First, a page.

Joining The Dots.
At first glance, my cabin had a cave-like aspect.
And who can think about caves without Plato springing to mind? His Allegory of the Cave suggests that human knowledge can't be gained by perception alone, but rather can be derived only from additional philosophical reasoning. He illustrates this by populating his cave with people chained to and facing the walls in such a manner that they can see only the shadows of puppets thrown by the light of a fire invisible to them. Plato supposes that one of the unfortunate cave-dwellers escapes his incarceration and emerging into the daylight, discovers sunshine and is temporarily blinded. The blindness quickly wears off and, eager to share his new awareness, he returns to the cave to recount his adventures to his former colleagues. He is blinded again, but this time by the dark and from which he only partially recovers. His overtures are rejected; they don't believe him. They lack the imagination or intellect to accommodate anything that isn't immediate to them and in any case, the cave's prisoners know that the last thing the master puppeteer wants is a revolt.
Plato's "Allegory of the Cave", drawing by Markus Maurer
Plato is distinguishing between actual truth (as experienced by the prisoners of the cave) and real truth as a combination of past experience and the acquisition of new understanding - portrayed by the escapee. New understandings stimulate the imagination and the accumulation of experience forms a narrative which, uniquely to humans it seems, can help predict and lend a hand to our fate.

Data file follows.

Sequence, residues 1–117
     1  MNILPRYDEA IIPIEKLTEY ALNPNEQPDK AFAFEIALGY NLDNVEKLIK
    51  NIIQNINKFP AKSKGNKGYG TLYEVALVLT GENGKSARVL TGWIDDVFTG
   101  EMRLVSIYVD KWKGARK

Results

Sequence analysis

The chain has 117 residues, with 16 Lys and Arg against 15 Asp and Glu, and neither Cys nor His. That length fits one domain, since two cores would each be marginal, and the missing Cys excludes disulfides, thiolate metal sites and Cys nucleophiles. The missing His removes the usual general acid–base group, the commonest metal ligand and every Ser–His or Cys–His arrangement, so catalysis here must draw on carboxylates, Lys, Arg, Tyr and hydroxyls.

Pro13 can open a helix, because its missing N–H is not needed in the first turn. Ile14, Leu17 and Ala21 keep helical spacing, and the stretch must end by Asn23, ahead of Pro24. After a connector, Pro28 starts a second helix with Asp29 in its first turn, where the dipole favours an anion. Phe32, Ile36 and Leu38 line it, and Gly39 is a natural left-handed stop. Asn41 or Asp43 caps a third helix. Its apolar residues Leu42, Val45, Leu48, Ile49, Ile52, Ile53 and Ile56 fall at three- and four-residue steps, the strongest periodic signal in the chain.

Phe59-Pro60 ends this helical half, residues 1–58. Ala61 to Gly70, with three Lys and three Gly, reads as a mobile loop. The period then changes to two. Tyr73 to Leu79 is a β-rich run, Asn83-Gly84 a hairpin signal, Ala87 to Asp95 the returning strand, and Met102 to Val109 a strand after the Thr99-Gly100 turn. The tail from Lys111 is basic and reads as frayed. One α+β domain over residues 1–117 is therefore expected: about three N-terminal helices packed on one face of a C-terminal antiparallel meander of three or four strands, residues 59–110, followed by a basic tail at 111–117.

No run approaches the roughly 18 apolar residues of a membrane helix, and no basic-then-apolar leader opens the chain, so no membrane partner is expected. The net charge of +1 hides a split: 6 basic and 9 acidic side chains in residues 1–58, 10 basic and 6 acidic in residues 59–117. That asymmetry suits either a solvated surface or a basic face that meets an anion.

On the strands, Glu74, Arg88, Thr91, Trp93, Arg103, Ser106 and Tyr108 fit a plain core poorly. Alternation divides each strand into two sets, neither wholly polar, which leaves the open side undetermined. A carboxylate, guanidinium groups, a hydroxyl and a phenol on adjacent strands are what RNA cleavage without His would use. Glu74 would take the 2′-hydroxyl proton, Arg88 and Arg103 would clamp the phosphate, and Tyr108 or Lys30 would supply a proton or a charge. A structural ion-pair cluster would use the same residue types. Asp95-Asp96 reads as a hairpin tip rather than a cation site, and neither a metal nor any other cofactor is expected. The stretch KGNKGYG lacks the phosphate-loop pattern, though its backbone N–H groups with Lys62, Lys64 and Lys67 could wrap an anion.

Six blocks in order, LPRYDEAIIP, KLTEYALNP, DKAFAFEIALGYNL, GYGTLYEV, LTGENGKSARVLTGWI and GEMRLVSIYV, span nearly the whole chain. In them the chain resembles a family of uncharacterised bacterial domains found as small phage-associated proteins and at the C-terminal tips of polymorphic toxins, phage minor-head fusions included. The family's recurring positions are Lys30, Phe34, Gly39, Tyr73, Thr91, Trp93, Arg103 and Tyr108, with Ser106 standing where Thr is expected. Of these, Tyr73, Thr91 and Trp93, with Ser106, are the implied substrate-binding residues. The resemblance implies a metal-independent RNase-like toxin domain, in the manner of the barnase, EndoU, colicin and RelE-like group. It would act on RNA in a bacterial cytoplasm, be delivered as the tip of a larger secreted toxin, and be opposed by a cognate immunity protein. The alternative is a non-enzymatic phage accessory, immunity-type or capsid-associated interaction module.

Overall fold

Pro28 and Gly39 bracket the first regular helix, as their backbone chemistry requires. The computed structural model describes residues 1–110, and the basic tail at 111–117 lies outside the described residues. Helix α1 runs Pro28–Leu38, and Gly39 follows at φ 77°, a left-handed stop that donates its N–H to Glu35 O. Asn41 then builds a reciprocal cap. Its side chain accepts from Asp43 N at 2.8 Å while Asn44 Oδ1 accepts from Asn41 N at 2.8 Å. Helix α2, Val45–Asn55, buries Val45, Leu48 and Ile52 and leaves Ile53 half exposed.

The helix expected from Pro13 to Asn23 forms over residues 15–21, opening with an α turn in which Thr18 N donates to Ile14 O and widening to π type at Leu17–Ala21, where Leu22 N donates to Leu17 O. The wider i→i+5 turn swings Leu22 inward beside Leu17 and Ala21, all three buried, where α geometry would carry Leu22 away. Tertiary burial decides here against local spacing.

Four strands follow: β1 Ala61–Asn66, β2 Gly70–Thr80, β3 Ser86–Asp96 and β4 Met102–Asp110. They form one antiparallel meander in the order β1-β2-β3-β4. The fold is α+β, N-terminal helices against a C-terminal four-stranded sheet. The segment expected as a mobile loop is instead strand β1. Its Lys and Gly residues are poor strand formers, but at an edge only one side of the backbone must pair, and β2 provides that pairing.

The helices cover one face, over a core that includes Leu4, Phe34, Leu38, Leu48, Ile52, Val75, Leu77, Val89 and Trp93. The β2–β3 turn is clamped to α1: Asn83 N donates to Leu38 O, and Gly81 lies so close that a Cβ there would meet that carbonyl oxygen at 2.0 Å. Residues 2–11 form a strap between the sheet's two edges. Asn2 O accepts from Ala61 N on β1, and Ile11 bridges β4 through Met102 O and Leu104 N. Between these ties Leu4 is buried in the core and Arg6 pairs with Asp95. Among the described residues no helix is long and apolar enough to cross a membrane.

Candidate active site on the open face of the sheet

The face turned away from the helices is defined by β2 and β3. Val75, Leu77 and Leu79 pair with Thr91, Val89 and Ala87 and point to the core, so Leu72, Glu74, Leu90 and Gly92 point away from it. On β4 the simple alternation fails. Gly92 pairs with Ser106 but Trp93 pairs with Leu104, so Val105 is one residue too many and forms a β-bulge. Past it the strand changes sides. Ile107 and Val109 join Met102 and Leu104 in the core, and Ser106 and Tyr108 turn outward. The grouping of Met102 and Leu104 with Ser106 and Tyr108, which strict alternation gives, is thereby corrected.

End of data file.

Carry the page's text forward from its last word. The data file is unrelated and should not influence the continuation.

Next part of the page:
We know that outside this porthole, a world exists....
Courtesy Marine Traffic
... and we know where we are in that world. But, however trustworthy and genuine this information appears, scrutiny of its source and accuracy and not least, who's controlling its dissemination, should always be considered.
As is obvious to anyone who pays attention to my notes, a significant slice of my livelihood is derived from the renewable energy industry. I’m not remotely qualified to comment on the efficacy of the ‘Green Deal’, occupied as I am with earning enough to pay my rent and pursue my modest interests. The nature of the work can contract a normal year into the space of 4 months. This arrangement suits me very well and I’m unlikely to jump ship – so to speak. It would be reasonable then to suggest that I’m one of Plato’s prisoners; my actual truth, described above, is the default position, but to introduce ‘additional philosophical reasoning’ could reveal a real truth about renewables, such that my conscience might demand the cessation of my activities. In this regard, my continued internment is assured.
And who can think about Plato without recalling one of his greatest creations, Atlantis, the inspiration for The Shadows' single of the same name; the 'B' side (I Want You to Want Me) here performed circa 1963, by my big sister (lead racquet on the right) and her equally musical schoolfriend. Plato wouldn't have seen this coming, but clearly, it all ties in.